Masters Thesis

Experiencing historical trauma: American Indian disparities in the criminal justice system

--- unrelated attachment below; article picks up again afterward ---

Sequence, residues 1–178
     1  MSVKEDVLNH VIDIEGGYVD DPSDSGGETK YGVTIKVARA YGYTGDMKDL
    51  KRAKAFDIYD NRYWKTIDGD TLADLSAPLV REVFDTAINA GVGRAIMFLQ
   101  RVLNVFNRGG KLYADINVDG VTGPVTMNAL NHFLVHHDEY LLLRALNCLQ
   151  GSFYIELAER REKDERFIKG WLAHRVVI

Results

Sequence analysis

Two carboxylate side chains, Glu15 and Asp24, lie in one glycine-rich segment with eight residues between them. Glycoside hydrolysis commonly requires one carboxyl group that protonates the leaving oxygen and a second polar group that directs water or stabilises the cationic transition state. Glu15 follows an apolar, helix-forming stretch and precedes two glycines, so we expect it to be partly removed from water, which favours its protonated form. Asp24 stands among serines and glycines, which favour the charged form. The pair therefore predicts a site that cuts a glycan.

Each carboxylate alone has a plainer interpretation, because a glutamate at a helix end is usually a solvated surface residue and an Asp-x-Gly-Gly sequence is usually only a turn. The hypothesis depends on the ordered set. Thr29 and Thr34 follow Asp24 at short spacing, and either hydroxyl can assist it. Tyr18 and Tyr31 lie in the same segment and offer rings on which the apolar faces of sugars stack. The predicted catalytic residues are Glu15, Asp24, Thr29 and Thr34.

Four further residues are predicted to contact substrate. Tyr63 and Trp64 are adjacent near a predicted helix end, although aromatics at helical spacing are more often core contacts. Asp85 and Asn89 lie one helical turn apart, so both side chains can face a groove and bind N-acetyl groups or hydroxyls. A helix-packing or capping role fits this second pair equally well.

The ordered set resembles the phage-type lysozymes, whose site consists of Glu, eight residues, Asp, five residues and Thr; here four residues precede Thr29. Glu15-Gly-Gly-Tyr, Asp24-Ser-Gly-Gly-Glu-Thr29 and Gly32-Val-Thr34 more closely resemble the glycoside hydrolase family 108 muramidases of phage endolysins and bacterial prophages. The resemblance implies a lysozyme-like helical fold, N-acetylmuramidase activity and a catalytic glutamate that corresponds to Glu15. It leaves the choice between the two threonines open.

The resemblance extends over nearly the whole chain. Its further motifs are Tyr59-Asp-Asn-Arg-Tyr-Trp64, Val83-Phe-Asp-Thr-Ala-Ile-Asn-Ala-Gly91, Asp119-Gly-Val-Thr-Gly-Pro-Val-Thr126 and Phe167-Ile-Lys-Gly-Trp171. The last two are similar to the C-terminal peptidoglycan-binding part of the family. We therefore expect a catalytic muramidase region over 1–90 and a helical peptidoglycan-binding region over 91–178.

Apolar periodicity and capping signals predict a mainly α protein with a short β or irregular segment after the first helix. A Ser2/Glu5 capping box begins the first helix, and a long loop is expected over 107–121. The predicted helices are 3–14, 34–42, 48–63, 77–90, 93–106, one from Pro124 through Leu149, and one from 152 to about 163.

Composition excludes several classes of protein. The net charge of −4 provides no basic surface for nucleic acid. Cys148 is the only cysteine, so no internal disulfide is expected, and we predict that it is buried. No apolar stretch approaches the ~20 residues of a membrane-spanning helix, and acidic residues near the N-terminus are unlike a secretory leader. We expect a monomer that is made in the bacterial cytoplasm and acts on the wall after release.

For over 500 years, American Indians have endured physical, social, emotional, psychological, and spiritual genocide from European conquest. The cumulative wounding of Native peoples has left profound effects over a lifespan and across generations. My work is a consideration of the overrepresentation of American Indians in the criminal justice system and how that is rooted in the genocide of Native peoples in what is now the United States, and the resulting historical trauma; I also consider how overrepresentation of American Indians in the criminal justice system perpetuates both historical trauma and genocide. Racial formations theory is used to explore the concept of race as a social construction. Social, political, and economic forces determine the meaning of race and in the context of American Indians race is intersected with settler colonialism. Complex personhood theory (Gordon, 2004) takes into account the depth of peoples’ identities and complexities of race, class, and gender. Intersectionality (Crenshaw, 1991) combines advocacy, analysis, theorizing, and pedagogy, which are basic components to heal historical unresolved grief. Intersectionality also provides a critical analytical lens to contest existing ways of looking at structures of inequality. Historical trauma is critical to this thesis because it takes into account the cumulative wounding across generations. I use the aforementioned theories to draw attention to the continued genocide of Native peoples through the criminal justice system. Despite the continuance of genocide, Native communities are healing and showing resiliency, which is part of the work I was able to take part in with the Youth Disparities Reduction Collaborative in Humboldt County. I hope that upon completion of this thesis, we can push for more in depth discussions of historical trauma and further analyze the continued genocide of American Indians.